A few weeks ago, Supreme Court Justice Antonin Scalia said that a key provision of the Voting Rights Act was motivated by a “perpetuation of racial entitlement.” Now comes word that on Monday night, Scalia told a group of students that the provision is an “embedded” form of “racial preferment.” He believes the provision is a racial entitlement because the federal government does not take a similar interest in protecting the voting rights of whites. Even aside from improperly commenting on a pending case, Scalia is wrong. Section 5 of the Voting Rights Act — currently under review by the Court — is not a quota system to elect minority candidates. Instead, it is an enforcement tool to prevent voting discrimination. Section 5 requires that covered states “preclear” their proposed election law changes with federal officials to ensure the changes are not discriminatory. Nine states plus parts of six others are “covered.” States and localities that maintain a clean record for 10 years can “bail out” of coverage.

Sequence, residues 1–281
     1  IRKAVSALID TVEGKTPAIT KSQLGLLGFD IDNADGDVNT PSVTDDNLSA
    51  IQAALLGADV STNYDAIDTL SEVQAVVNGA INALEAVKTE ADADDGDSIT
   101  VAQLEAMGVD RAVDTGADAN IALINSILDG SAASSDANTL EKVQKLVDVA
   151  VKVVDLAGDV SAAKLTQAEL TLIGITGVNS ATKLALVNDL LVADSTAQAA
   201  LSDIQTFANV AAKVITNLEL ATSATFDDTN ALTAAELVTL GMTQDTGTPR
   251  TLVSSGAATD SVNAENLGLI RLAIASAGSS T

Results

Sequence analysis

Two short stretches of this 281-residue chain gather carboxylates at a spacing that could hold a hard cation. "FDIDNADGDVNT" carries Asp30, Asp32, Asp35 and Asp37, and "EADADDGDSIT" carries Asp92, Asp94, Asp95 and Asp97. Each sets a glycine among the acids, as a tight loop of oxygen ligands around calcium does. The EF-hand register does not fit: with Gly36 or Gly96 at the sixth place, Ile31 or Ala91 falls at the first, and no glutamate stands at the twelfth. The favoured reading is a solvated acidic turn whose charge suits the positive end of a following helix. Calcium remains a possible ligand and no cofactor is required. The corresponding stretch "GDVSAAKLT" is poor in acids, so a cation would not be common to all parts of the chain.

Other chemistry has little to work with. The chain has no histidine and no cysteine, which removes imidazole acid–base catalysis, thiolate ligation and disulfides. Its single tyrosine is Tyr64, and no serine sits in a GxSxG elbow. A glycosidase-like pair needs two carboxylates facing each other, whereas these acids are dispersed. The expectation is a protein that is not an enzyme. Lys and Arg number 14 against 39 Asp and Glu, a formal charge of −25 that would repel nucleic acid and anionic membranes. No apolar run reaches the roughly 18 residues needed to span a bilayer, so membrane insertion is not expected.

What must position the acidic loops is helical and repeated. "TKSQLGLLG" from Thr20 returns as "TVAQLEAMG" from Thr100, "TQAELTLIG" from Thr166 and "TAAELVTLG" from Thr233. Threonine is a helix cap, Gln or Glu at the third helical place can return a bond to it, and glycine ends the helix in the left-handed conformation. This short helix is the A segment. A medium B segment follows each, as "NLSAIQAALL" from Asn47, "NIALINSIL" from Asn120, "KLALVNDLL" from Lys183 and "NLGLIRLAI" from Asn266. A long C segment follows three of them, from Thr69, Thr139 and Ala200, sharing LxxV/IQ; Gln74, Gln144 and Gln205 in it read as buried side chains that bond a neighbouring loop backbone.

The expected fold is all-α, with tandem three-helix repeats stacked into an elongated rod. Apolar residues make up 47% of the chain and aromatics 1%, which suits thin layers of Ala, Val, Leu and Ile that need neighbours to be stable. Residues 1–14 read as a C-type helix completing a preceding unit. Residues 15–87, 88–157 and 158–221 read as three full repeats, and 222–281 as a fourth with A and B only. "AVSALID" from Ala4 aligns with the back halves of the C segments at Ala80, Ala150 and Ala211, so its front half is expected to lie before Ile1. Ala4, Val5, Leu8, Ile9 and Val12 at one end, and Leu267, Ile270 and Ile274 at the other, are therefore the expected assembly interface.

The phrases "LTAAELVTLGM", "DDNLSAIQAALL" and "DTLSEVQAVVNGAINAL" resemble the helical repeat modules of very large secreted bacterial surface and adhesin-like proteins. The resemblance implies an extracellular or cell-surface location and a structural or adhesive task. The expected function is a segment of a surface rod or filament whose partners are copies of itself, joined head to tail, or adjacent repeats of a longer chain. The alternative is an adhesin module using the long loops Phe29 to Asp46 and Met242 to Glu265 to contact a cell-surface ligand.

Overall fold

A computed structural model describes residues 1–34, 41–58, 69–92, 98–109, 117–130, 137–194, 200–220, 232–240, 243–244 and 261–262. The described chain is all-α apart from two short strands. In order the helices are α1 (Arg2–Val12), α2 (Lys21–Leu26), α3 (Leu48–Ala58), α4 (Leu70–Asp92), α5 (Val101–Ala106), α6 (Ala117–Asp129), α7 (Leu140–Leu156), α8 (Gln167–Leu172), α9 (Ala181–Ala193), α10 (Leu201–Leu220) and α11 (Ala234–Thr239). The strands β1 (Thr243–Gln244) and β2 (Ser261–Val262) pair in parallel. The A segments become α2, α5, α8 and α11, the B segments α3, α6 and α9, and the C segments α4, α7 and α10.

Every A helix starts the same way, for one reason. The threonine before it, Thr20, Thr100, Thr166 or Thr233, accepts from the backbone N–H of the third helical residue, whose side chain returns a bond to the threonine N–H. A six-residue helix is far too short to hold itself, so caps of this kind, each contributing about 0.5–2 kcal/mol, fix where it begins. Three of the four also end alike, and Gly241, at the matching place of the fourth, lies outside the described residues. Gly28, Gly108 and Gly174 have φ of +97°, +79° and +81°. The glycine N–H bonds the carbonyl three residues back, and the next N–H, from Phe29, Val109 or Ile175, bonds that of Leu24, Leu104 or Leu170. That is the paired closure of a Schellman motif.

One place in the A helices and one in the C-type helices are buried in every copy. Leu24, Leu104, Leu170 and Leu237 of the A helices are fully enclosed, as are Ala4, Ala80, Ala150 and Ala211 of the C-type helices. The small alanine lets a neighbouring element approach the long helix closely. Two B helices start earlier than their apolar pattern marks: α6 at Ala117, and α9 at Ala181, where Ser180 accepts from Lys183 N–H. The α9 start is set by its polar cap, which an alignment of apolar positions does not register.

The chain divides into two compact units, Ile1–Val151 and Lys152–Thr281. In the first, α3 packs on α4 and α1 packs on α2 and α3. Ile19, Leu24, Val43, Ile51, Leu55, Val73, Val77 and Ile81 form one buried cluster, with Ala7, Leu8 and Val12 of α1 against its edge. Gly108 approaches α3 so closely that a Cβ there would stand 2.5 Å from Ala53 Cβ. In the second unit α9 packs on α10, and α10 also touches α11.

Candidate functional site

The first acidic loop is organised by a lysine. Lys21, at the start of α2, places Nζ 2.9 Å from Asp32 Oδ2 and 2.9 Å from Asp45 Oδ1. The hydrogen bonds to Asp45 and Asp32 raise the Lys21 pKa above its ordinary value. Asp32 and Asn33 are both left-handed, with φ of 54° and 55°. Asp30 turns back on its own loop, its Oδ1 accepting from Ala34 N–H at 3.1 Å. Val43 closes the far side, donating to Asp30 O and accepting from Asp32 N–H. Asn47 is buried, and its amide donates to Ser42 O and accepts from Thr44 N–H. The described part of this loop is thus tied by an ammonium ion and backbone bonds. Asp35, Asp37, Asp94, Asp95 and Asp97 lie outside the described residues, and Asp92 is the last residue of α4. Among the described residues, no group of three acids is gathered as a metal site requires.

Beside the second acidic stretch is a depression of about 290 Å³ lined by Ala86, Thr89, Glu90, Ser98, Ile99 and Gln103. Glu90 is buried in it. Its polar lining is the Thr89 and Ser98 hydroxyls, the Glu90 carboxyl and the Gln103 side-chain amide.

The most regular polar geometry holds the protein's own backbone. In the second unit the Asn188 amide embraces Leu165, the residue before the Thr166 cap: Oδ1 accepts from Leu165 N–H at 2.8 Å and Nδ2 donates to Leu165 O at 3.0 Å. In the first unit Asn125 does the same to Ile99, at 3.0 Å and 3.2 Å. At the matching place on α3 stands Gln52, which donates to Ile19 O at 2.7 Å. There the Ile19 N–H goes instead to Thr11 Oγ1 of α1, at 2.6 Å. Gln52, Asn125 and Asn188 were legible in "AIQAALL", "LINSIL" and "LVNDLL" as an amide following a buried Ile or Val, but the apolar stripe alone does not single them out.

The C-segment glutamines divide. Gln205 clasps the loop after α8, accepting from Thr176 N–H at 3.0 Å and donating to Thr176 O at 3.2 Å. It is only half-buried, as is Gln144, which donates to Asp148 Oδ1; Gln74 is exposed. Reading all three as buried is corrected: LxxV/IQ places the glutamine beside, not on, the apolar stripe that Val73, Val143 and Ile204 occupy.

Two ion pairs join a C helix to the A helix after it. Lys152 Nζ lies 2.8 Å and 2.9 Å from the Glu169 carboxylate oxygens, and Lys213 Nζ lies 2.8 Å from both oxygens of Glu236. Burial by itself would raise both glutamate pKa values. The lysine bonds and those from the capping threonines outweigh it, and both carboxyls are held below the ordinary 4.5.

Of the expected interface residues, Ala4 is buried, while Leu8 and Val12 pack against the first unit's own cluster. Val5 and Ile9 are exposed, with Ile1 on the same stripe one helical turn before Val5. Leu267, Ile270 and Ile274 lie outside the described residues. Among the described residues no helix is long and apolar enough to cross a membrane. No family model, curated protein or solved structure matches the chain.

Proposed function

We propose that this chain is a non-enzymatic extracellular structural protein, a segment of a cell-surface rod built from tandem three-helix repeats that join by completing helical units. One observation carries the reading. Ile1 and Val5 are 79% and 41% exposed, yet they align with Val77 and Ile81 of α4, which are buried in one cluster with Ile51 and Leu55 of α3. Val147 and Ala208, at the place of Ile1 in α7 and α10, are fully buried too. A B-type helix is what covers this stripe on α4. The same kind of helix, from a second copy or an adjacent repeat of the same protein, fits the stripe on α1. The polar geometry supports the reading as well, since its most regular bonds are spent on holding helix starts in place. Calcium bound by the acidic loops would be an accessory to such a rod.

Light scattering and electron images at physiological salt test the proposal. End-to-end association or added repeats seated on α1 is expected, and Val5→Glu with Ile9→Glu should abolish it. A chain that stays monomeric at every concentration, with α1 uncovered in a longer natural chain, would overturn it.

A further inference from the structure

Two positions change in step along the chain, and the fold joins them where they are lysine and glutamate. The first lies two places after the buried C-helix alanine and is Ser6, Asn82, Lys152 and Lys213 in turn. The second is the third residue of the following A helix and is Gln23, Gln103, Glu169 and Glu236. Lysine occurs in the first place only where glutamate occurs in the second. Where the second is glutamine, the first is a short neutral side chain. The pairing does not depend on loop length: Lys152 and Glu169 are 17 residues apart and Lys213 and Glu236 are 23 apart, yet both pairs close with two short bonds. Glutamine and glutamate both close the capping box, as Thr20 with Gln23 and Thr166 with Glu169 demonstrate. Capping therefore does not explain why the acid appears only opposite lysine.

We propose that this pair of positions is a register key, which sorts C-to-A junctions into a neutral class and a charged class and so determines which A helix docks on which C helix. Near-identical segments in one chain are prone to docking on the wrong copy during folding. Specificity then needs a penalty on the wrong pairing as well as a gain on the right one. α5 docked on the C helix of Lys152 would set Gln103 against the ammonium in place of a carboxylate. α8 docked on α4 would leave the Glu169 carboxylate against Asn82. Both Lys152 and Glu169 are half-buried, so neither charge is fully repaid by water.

The 15th Amendment of the U.S. Constitution explicitly authorizes Congress to pass laws like Section 5 tailored to prevent voting discrimination. Those who subscribe to “original intent” know the initial motivation for the Fifteenth Amendment included preventing white Southern politicians from winning elections by manipulating election rules to deny or dilute African-American votes.
Recent facts show discrimination against voters of color remains concentrated in covered states. For example, covered areas account for less than 25 percent of the nation’s population, but more than 80 percent of successful voting discrimination lawsuits under another provision that applies nationwide. Extreme white bloc voting — which fuels political operatives’ incentives to suppress minority voting — is about twice as likely in covered areas as non-covered areas.
Based on 21 hearings, over 90 witnesses, and a fifteen-thousand-page record, in 2006 Congress determined that discrimination against voters of color remains concentrated in covered states, and overwhelmingly renewed Section 5.